Upon seeing Lukens’ machine Redheffer was amazed, figuring that Lukens had perfected his own ideas. He proposed that Lukens and he partner up to exhibit the device but Lukens said it now belonged to Peale. They did not market it as a perpetual motion machine but only as a model of one that Redheffer claimed to be in perpetual motion.


Redhoffer, having been at least partially exposed and losing most of his business, took his show on the road to New York where he again started drawing large crowds. One visitor in 1813 was the famous inventor of the steamboat Robert Fulton who immediately detected that the machine was being powered by a crank. He challenged Redheffer that he could discover the source and would pay for any damages. Redheffer agreed, then Fulton removed a few pieces of lathe from the wall exposing a belt made of cat gut. This extended to a small room above where they found that the power was being generated by " a poor old man with an immense beard and all the appearance of having suffered a long imprisonment, who, when they broke in on him was unconscience of what had happened below".170p67 Once the fraud was revealed a mob dismantled the machine and Redheffer disappeared (only to show up again in Philadelphia some time later). Fulton's biographer praises Fulton for exposing that which had deluded the Pennsylvanians for so long - he apparently had not heard of the Sellers and Lukens.


Redheffer then returned to Philadelphia in 1816 and (for reasons not entirely clear) he asked the governor of Pennsylvania to appoint a committee to investigate a new machine. When the governor did not do so he placed a notice in the local newspapers inviting a number of prominent men including Mayor Robert Wharton and Chief Justice William Tilghman, to join a committee that would judge the invention. This group met several times but each time Redheffer could or would not run the machine.

At this point, the group issued a statement to the public that Mr Redheffer had declined to comply with the promise he made in his public invitation, no feasibility of his project had been offered and that those who had been involved with him up to this point were "withdrawing from any further attendance on him".151p2col1-3


Wikipedia, referencing Peter Force's "A National Calendar", shows that Redheffer was awarded a patent in 1820 for a device listed as "machinery for the purpose of gaining power" - but all patents issued before 1836 have been lost due to a fire at that time.153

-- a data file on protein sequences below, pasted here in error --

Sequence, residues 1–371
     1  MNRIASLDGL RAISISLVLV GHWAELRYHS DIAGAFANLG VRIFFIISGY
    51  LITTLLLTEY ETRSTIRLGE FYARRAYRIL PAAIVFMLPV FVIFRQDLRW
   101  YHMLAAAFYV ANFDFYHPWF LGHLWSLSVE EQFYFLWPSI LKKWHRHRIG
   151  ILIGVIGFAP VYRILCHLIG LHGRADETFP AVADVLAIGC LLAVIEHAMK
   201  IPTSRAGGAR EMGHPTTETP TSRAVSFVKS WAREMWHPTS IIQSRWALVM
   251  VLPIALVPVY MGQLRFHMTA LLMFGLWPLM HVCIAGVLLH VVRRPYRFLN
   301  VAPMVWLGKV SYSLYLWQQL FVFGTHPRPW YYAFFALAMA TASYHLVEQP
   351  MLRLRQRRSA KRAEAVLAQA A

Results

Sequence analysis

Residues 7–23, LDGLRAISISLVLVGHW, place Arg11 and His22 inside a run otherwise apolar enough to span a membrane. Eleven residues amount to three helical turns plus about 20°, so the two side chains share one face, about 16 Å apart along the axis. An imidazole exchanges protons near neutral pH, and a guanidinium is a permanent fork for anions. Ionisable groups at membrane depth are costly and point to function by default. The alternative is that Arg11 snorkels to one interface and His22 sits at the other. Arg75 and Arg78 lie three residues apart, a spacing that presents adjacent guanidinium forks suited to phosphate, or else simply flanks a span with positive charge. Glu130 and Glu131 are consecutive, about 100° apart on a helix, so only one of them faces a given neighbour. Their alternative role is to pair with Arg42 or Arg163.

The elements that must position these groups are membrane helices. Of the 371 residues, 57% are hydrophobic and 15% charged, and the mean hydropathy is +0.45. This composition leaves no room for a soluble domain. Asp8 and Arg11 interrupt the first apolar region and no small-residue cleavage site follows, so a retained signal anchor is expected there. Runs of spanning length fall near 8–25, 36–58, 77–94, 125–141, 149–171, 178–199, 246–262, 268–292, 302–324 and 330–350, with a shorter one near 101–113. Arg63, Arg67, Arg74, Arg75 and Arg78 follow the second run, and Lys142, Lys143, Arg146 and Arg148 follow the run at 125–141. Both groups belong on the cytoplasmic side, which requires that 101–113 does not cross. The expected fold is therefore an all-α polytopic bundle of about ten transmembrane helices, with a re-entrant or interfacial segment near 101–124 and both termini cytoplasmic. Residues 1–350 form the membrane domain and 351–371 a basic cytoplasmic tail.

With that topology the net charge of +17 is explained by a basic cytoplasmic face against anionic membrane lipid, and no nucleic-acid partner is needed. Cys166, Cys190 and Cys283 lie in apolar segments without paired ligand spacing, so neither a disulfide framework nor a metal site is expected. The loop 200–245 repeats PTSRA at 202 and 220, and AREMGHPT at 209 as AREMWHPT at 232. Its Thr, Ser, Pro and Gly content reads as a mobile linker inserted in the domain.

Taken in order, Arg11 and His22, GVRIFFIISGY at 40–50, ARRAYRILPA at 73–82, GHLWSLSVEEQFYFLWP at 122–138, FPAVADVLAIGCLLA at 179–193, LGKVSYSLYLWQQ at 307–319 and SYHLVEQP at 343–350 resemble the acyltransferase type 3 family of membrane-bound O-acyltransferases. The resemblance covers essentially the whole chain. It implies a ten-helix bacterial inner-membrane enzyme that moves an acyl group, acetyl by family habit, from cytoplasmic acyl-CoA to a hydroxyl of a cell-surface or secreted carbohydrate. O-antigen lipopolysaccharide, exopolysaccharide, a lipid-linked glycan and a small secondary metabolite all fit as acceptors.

Lukens was one of the founding members of the Franklin Institute, one of the first two elected vice-presidents and first chairman of its Committee on Science and the Arts. George Sellers reports that Lukens demonstrated the and fully explained his machine at one the early meetings at the Institute. It has long been in the collection of the Institute172-173 and may have been donated by the Philadelphia Museum at that time.

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Some Famous Lukens' Clocks

Loller Academy

The Loller clock is over 200 years old and was badly in need of restoration. Keith Winship, of Hatboro antique clock restoration business Winships’ Pieces of Time, teamed up with Hatboro businessman and clock lover Charles Roché and The Millbrooke Society in 2008 to begin the process of restoring the clock to good working order.

Lukens built his first commissioned clock for Loller Academy in 1812. A seven day clock, it has a bell in the tower above it that rings hourly.

Loller Academy was built in 1811 with funds donated by the estate of Robert Loller.(1740-1808). Loller was an educator and a patriot, having fought at Trenton, Princeton, and Germantown. He was elected to the Continental Congress and helped draft the Pennsylvania Commonwealth Constitution. Col Loller and another neighbor, Dr Archibald MacLean Jr, were given the task of inventorying the possessions of Elizabeth Graeme Fergusson after the Revolutionary War when the Commonwealth was trying to seize Graeme Park in nearby Horsham. In the 1950s the Academy became Hatboro's Borough Hall.